Plant foods likely affected our evolutionary history, but we know surprisingly little about this aspect of early hominin diets. Plants are known to be important aspects of modern human diets. Hunter-gatherers acquire up to 80% of their calories from plant foods. Several researchers have suggested that the introduction of new plant foods, or the development of new plant food processing technology, may have caused speciation events in the hominin lineage. However, we have almost no direct information on the plant foods our ancestors and relatives consumed.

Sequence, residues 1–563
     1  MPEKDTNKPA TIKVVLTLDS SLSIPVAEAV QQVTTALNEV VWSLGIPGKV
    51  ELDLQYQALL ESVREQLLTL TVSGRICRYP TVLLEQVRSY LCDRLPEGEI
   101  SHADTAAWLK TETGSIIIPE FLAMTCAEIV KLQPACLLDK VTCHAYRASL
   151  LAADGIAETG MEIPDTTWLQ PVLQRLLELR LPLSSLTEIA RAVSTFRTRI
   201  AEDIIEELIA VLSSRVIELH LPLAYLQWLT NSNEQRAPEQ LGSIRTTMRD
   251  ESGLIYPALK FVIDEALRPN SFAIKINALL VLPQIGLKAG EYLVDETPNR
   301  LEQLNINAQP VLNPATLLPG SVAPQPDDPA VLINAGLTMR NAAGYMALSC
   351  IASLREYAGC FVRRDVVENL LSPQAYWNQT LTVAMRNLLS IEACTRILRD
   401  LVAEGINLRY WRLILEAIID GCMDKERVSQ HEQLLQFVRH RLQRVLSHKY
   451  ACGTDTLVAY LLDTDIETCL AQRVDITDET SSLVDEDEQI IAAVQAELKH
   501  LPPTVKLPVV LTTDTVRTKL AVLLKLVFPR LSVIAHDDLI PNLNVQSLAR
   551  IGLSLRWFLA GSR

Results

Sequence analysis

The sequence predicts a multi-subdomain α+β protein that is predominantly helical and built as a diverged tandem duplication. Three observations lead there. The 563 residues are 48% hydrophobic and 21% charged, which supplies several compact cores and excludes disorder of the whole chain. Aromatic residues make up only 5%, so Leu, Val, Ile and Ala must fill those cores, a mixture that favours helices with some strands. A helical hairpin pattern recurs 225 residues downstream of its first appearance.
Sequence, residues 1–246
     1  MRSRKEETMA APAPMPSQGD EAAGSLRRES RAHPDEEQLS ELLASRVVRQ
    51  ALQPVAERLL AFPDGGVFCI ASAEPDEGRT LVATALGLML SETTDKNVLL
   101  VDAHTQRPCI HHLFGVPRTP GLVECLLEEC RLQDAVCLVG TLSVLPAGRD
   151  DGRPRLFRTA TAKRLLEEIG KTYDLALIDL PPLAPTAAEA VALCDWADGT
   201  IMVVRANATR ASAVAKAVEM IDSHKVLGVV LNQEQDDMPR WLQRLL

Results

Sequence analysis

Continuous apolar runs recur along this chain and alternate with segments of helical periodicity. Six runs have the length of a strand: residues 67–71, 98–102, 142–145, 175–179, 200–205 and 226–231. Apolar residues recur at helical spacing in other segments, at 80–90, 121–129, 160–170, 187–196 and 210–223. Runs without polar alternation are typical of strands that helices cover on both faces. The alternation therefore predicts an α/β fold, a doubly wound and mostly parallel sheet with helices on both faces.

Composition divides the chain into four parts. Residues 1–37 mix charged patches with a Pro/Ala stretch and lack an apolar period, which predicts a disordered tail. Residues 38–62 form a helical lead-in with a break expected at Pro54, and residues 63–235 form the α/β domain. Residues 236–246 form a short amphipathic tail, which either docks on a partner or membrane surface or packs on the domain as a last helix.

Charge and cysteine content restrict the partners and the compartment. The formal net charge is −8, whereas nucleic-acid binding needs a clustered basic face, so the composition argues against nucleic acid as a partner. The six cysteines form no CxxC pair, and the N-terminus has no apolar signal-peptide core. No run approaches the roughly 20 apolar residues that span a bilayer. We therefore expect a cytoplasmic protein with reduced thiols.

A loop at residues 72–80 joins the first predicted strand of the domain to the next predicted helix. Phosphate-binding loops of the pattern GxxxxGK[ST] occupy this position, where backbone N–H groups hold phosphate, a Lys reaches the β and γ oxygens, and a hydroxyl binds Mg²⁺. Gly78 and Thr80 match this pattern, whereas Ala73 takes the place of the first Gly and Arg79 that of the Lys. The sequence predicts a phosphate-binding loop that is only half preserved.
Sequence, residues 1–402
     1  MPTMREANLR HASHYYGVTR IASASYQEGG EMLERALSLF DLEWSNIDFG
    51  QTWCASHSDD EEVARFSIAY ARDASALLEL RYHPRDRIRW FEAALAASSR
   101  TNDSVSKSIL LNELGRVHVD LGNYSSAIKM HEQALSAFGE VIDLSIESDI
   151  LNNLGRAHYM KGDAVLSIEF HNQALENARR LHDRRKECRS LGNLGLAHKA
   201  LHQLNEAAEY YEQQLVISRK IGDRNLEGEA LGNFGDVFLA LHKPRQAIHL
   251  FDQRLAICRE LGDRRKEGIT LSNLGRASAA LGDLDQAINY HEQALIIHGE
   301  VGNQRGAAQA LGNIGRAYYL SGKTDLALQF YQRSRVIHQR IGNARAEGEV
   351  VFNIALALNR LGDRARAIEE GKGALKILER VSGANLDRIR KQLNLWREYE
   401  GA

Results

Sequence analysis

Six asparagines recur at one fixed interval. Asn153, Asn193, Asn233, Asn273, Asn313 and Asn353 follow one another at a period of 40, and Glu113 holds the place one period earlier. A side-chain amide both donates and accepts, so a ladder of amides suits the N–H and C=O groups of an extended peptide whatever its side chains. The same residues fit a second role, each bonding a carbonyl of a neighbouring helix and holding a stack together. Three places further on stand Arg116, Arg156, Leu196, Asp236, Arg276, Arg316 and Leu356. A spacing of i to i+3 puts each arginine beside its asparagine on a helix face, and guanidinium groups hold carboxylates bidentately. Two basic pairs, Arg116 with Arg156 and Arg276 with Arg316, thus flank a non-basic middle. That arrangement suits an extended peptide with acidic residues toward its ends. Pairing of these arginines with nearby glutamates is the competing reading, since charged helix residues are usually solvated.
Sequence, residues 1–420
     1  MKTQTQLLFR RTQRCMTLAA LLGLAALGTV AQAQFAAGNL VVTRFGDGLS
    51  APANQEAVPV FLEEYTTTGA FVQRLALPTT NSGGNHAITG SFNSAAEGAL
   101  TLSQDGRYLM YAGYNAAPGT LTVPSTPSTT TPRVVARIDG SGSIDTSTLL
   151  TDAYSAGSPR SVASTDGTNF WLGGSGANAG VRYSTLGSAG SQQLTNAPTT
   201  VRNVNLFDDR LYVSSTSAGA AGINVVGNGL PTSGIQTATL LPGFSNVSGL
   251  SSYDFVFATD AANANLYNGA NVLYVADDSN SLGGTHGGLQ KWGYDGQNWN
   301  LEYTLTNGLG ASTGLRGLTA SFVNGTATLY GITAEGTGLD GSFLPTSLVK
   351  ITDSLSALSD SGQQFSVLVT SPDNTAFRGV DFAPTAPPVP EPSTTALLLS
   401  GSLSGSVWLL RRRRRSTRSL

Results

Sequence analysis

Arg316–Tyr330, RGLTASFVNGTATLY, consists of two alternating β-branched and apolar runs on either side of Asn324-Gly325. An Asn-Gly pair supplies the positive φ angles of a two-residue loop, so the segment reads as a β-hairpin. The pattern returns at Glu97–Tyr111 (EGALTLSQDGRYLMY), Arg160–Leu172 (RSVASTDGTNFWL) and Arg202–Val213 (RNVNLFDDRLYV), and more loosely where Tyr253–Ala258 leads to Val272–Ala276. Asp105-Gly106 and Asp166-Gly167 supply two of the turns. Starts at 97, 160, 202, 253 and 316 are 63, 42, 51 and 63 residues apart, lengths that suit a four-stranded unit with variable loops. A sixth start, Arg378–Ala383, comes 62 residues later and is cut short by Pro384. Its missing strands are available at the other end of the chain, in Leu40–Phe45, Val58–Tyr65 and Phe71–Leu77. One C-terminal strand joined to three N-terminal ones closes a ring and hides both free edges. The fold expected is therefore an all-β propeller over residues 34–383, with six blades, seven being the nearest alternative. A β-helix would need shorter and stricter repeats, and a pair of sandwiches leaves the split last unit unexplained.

The Max Planck Research Group on Plant Foods in Hominin Dietary Ecology seeks to explore some of the complex relationships between the biology and behavior of humans, and the plant foods they consumed. Knowing more about plant foods throughout hominin evolution allows us to better understand our relationship with the environment, and helps us to develop better-informed models of hominin behavioral ecology.
Our research falls into three broad categories:
- Reconstructing diets of individuals and groups
- Establishing costs and benefits of consuming plant foods
- Improving methods for studying ancient use of plants
We are located within the Max Planck Institute for Evolutionary Anthropology and are closely affiliated with the Department of Human Evolution.